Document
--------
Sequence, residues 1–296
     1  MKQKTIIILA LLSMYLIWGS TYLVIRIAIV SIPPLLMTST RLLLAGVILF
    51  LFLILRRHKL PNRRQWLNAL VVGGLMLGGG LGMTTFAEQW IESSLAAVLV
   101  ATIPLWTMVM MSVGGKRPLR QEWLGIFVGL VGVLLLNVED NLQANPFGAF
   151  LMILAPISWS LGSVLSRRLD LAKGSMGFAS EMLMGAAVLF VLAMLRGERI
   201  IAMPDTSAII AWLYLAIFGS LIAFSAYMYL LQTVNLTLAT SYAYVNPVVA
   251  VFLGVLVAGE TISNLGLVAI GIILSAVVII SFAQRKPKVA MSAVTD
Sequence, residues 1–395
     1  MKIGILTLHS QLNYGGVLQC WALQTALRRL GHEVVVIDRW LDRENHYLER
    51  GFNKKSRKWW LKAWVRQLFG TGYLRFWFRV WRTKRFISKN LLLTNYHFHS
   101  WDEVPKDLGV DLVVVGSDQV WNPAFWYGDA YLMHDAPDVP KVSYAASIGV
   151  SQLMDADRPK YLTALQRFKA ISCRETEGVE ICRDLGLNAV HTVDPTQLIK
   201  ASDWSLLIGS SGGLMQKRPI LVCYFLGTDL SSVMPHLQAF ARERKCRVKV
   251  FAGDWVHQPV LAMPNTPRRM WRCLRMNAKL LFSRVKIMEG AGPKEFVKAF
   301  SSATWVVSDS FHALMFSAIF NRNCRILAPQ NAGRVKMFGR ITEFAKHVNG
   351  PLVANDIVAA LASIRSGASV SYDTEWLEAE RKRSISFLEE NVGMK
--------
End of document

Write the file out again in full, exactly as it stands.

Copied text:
Sequence, residues 1–296
     1  MKQKTIIILA LLSMYLIWGS TYLVIRIAIV SIPPLLMTST RLLLAGVILF
    51  LFLILRRHKL PNRRQWLNAL VVGGLMLGGG LGMTTFAEQW IESSLAAVLV
   101  ATIPLWTMVM MSVGGKRPLR QEWLGIFVGL VGVLLLNVED NLQANPFGAF
   151  LMILAPISWS LGSVLSRRLD LAKGSMGFAS EMLMGAAVLF VLAMLRGERI
   201  IAMPDTSAII AWLYLAIFGS LIAFSAYMYL LQTVNLTLAT SYAYVNPVVA
   251  VFLGVLVAGE TISNLGLVAI GIILSAVVII SFAQRKPKVA MSAVTD
Sequence, residues 1–395
     1  MKIGILTLHS QLNYGGVLQC WALQTALRRL GHEVVVIDRW LDRENHYLER
    51  GFNKKSRKWW LKAWVRQLFG TGYLRFWFRV WRTKRFISKN LLLTNYHFHS
   101  WDEVPKDLGV DLVVVGSDQV WNPAFWYGDA YLMHDAPDVP KVSYAASIGV
   151  SQLMDADRPK YLTALQRFKA ISCRETEGVE ICRDLGLNAV HTVDPTQLIK
   201  ASDWSLLIGS SGGLMQKRPI LVCYFLGTDL SSVMPHLQAF ARERKCRVKV
   251  FAGDWVHQPV LAMPNTPRRM WRCLRMNAKL LFSRVKIMEG AGPKEFVKAF
   301  SSATWVVSDS FHALMFSAIF NRNCRILAPQ NAGRVKMFGR ITEFAKHVNG
   351  PLVANDIVAA LASIRSGASV SYDTEWLEAE RKRSISFLEE NVGMK